As a result of this experience, I was also greatly empowered to lead within the community. I took the initiative to lead Queer in AI’s presence at NAACL, stepping up to use my skills to help others, and learning about how to organize in a decentralized community effectively. Furthermore I was the only undergraduate student organizing a panel at NAACL, and from my conversations with other attendees, I may have been one of a handful undergraduates in general at the conference. I am very proud of how far I have come as a rising leader in the community, helping provide justice to the queer community and prevent harms with my unique background.
For the first half of my undergraduate career, my pursuits have largely been unified by the central thread of a fascination with genetics. This summer, I’m making the transition from exploring genetics as a researcher- to serving those who are vulnerable in the genetics field.
Last summer, I conducted two types of research. As a part of the Laidlaw program, I conducted qualitative bioethics research on precision medicine research, a field that promises to combine genetic, environment, and lifestyle data in personalizing healthcare. Outside of Laidlaw, I conducted basic biology research on CRISPR genome engineering technologies in the Sternberg Lab.
This summer, my goal is to serve the rare genetic disease community through two simultaneous projects- one in-person and one virtual. First, I will be developing virtual support groups for the parents of youth with sickle cell disease (a rare genetic blood condition) through the Cambridge-based non-profit called NextStep. I was inspired to create these support groups through my past experience leading a NextStep program called STRIVE, which mentors youth with sickle cell. In STRIVE, we occasionally host programs called “sickle cell panels” where our program mentees learn from and pose questions to older folks also living with sickle cell. Youth have always remarked how eye-opening these panels have been, so the basic idea was: why not allow the parents of these youth also connect, share resources, and offer support to one another?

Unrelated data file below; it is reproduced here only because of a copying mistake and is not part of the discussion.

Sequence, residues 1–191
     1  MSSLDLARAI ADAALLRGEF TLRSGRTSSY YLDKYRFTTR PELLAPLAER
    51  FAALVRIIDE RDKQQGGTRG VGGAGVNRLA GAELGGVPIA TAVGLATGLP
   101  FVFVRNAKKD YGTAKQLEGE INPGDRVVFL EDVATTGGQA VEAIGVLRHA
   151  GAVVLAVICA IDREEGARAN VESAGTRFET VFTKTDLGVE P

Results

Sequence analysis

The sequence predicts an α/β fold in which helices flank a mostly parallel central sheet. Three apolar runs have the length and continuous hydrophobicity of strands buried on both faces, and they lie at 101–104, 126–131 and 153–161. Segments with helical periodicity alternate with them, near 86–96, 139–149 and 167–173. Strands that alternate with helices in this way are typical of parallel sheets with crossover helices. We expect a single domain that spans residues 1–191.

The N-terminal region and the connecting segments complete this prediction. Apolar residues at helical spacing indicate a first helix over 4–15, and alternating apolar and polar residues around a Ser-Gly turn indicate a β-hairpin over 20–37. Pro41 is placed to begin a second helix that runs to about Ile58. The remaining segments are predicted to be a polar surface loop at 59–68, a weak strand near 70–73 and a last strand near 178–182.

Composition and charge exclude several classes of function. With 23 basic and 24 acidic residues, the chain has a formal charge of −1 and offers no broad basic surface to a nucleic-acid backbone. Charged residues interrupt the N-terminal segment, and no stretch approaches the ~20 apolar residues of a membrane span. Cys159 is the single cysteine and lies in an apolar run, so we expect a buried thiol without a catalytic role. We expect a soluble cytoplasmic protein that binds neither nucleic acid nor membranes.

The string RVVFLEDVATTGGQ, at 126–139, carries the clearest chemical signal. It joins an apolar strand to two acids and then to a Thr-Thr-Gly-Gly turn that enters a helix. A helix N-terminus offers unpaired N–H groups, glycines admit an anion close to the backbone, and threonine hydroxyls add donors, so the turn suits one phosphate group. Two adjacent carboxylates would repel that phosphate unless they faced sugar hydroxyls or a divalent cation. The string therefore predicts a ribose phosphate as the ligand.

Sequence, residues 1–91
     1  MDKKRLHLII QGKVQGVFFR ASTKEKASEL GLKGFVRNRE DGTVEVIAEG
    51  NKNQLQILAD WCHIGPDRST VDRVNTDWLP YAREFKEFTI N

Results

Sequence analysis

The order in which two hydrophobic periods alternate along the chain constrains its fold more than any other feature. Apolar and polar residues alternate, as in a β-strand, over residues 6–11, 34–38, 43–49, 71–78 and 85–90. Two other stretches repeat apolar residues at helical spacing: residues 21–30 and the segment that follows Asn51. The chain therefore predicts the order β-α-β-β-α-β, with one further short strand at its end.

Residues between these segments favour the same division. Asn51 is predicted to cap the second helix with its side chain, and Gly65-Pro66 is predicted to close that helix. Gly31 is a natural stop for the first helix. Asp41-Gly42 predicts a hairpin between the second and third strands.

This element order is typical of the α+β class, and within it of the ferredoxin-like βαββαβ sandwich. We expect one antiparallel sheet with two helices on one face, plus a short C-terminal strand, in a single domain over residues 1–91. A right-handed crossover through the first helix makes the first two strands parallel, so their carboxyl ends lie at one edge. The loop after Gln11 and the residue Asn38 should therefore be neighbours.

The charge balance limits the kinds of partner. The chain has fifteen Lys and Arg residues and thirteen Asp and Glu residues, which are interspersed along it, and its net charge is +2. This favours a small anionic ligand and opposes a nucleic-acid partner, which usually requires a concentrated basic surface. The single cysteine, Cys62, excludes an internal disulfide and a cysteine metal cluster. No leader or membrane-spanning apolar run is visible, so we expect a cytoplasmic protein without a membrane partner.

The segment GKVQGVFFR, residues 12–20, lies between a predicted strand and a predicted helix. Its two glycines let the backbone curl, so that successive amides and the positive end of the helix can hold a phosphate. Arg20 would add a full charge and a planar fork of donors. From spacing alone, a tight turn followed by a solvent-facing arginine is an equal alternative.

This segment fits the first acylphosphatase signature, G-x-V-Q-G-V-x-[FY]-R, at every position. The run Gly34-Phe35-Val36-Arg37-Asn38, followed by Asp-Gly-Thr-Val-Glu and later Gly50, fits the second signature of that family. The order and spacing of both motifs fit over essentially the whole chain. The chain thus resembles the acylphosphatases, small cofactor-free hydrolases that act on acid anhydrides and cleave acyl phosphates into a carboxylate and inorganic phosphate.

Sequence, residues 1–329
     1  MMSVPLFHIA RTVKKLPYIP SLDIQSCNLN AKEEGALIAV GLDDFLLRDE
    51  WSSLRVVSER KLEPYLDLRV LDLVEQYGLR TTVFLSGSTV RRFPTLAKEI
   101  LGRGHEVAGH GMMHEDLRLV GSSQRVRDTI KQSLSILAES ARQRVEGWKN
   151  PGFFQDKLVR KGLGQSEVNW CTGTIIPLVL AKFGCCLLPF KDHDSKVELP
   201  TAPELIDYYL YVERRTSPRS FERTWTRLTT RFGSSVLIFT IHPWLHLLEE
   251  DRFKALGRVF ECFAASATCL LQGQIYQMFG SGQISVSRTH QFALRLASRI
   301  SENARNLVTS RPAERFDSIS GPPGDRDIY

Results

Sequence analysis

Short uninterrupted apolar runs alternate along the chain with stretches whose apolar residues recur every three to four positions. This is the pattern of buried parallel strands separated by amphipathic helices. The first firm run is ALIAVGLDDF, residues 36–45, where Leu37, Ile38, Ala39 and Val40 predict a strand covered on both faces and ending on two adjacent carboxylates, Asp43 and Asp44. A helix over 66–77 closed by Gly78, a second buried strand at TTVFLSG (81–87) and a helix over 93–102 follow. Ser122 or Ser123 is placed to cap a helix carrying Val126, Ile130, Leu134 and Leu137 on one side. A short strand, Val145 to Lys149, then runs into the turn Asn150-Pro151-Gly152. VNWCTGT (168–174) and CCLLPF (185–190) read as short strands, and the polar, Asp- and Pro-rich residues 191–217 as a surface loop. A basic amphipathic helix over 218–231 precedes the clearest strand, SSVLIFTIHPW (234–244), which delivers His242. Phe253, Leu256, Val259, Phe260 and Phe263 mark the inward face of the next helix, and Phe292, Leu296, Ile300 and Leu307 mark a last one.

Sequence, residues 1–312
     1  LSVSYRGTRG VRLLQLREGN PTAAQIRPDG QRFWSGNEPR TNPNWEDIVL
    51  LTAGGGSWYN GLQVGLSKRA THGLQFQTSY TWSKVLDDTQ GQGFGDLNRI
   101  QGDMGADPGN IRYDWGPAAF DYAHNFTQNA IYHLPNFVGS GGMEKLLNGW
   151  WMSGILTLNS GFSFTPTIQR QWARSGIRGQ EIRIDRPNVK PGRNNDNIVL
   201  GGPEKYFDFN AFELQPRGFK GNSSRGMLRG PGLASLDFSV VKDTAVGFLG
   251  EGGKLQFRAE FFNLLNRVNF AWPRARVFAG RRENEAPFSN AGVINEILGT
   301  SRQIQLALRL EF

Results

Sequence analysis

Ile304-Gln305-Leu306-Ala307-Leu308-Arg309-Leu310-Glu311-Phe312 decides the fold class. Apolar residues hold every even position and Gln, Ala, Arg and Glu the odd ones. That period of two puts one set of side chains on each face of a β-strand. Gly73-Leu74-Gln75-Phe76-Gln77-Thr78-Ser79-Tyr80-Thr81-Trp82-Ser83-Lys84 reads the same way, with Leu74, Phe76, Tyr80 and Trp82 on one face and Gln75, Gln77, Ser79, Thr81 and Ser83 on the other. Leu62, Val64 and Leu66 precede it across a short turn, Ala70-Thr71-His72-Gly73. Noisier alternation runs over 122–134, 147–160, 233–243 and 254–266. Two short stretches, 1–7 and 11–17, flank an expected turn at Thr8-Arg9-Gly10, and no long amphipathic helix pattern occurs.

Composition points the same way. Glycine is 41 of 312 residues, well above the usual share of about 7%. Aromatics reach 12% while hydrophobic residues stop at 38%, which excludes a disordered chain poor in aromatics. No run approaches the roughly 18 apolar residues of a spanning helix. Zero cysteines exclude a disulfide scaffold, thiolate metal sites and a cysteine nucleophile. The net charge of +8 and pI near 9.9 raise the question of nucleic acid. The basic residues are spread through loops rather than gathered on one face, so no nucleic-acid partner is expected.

In tandem, I will be in-person volunteering at the Terence Cardinal Cooke (TCC) Healthcare Center in NYC. The TCC offers both long-term and short-term care in the form of a traditional nursing home, sub-acute rehabilitation program, specialty hospital for youth, and, most famously, a dedicated care unit for those with Huntington’s disease (a rare genetic neurodegenerative brain disorder). The latter is where I will be spending the bulk of my time, where I hope to get a better sense of what it is like working in hospice care and, more specifically, caring for those with a rare neurodegenerative disease.
As different as my aforementioned research might appear from my more service-oriented work this summer, one transferable skill (or tool) that I’ll be taking with me is the ability to navigate an inter-disciplinary, highly collaborative setting. Last summer, whether my colleagues specialized in anthropology, data science, or molecular biophysics, drawing on diverse talents, while clearly communicating what our high-level goals were, allowed me to move research projects forward in a quicker, more organized fashion. This summer, I will similarly find myself in multi-disciplinary, collaborative settings filled with recreational therapists, physicians, and non-profit program directors. It will be really important to continue leveraging diverse expertise to further my project goals!
Hi Dennis! This project sounds like a really interesting way to use your research experiences to work with the people behind the genes. Working between STRIVE and TCC sounds really exciting, especially getting a broad range of experiences working with different disorders.